Today's blog posts (one long one split up) are brought to you by my wonderful husband.
"A guest post? By me??
I’ve thought about starting a blog of my own, but haven’t ever taken the first step. (Maybe I’ve been a bit intimidated by the well composed thoughts that Stephanie has published) Now as I write this post as a “guest” of my wife perhaps that seed will take root!
Stephanie has asked me to provide some of my perspective on our youngest daughter (Sarah) and to tell some of our story through a Dad’s viewpoint. It’s something that I think of often, but I’m not sure as to how to put it into written form.
Let’s start with a description of Sarah herself. She is in many ways the most demonstratively loving person that I know. Somehow she has an intuitive sense when someone is feeling down, and she responds immediately with hugs, “cunggles” (cuddles), and kisses. Perhaps the most striking examples of this side of Sarah were evident at the funeral of my Grandma Wunsch last summer.
If you read this blog, then you are well aware that we (okay, mostly Stephanie) homeschool our children. We view living and sharing life together as the best means by which to prepare our kids for their adult lives. That means allowing them to walk with us through some of the tough parts of life to see how we handle it... and helping them to break down the parts that went well and the parts that we should have dealt with differently. That’s how we all learn to move forward in life.
When Grandma passed away, it was an opportunity for all four kids to learn that:
- Death is indeed a part of life, and
- There are various ways and reasons that people grieve, and
- There are various ways that people gain comfort and give it to others
With these things in mind, they all came with Stephanie and I to the funeral. All four of them handled themselves well, but for the sake of this post I will focus on Sarah.
Stepping into the foyer of the funeral home, the first thing that she saw was the people that she loves... Grandparents, Uncle Mike, Great Aunts and Uncles, Cousins and Second Cousins, family friends, and people that she loves but hasn’t met yet. After saying hi to some people very quickly, she zeroed in on Mrs. Bannister.
“Grandma Bannister” as we call her, is the mother-in-law to my Mom’s brother. She has been coming to Wunsch Bunch gatherings for many years, and she is a hugger. Grandma Bannister is a sweetheart of a lady, and naturally was saddened to have lost the one person in the family who understood what it is to be a widowed family matriarch. Sarah bee-lined for Grandma Bannister, and immediately asked for a “hug-uppie”; her way of asking to sit on your lap for a hug and cuddle.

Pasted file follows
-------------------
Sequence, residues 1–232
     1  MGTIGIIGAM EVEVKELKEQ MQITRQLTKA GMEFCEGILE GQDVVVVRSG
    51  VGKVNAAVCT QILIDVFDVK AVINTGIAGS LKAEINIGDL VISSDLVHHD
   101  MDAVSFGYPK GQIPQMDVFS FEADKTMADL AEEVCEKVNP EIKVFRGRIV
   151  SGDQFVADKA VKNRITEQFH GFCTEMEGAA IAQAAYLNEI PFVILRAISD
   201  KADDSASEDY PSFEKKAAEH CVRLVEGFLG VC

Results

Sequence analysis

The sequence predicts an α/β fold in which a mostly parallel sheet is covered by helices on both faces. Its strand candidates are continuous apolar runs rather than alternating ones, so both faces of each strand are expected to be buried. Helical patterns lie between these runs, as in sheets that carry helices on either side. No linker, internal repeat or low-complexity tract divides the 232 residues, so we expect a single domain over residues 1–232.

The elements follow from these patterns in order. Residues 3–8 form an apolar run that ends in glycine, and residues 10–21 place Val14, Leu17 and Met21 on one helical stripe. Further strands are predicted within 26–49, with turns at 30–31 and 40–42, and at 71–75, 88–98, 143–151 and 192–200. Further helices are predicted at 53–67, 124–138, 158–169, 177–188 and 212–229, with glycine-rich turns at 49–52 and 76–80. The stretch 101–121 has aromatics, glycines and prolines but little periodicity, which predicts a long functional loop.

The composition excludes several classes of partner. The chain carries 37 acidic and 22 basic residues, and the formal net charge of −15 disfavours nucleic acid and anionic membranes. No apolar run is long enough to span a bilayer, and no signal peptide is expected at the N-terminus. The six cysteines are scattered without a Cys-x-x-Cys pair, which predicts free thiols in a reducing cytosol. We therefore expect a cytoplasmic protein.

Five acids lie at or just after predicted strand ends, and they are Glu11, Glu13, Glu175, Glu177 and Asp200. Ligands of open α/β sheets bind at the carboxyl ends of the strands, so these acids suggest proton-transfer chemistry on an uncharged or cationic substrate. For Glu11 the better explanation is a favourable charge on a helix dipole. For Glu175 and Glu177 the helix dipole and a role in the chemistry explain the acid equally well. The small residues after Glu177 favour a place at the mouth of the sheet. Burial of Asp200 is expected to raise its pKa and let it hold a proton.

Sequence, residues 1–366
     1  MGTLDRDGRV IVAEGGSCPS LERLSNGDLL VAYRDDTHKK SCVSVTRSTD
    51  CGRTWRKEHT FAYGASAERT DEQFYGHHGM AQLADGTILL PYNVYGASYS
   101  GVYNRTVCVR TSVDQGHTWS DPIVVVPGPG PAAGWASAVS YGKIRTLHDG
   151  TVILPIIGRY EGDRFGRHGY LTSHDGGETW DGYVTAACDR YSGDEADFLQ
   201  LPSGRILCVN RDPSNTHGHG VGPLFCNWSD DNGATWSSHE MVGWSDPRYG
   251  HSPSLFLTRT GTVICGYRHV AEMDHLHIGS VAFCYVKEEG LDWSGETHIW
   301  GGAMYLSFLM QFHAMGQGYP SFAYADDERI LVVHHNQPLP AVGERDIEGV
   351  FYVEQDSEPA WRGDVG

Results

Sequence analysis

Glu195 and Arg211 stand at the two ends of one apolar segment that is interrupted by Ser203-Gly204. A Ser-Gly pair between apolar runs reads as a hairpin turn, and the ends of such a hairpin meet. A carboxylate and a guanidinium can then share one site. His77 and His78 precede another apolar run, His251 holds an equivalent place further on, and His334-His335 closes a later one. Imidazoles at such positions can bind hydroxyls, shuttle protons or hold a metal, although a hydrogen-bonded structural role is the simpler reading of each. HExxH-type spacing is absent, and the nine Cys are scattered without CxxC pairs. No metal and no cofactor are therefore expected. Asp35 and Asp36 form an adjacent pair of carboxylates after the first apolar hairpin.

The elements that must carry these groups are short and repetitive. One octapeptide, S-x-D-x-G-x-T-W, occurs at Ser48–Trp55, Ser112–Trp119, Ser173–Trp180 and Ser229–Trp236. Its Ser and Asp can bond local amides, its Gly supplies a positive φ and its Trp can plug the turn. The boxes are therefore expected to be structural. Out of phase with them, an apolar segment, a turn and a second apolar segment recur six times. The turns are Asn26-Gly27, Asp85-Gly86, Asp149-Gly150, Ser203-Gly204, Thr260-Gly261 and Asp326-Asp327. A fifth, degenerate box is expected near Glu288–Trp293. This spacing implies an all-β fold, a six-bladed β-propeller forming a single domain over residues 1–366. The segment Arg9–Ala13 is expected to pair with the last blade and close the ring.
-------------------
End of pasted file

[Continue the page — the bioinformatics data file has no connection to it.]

With some effort, Grandma Bannister lifted our little peep to her lap, and was rewarded with a big hug and a kiss on the cheek for her efforts. A smile came to Grandma Bannister’s face, and her body language relaxed in the way that is visible when one knows that they are genuinely and unconditionally loved.
A few moments later, Sarah met my cousin for the first time. Aleta had driven from the interior of British Columbia to be at the funeral, and (like all of us who were present) was having an emotional moment as we gathered in the family room to prepare to enter the funeral chapel. I can’t even begin to guess why, but rather than reach up for a hug, Sarah chose to kneel down and place a big kiss on Aleta’s foot. Maybe she couldn’t see how to give a hug to someone who was sitting with a kleenex to keep makeup intact, but she knew that some form of comfort was called for!
After the service (which Sarah behaved very well for), it was time for the internment. Walking to the graveside was a sombre affair on the sunny afternoon. Little was being said as people made their way across the manicured lawn and through the rows of headstones... until Sarah’s voice rang out.
“F’owers!! Look Mom, f’owers!!!”
It made me look up. Sarah was entirely right. The grass was green, the skies were blue, and many (if not most) of the graves had colorful bouquets on them. It was a well kept place to remember loved ones, and for the first time I focused more on the flowers than the markers that gave small insights to the lives of the deceased.
Even a graveyard can be a place of beauty and wonder if you use the right lens to look through. On that day, it was the lens that Sarah provided which opened my eyes to see.
That is one day in the life of Sarah that provides a lot of insight to her personality."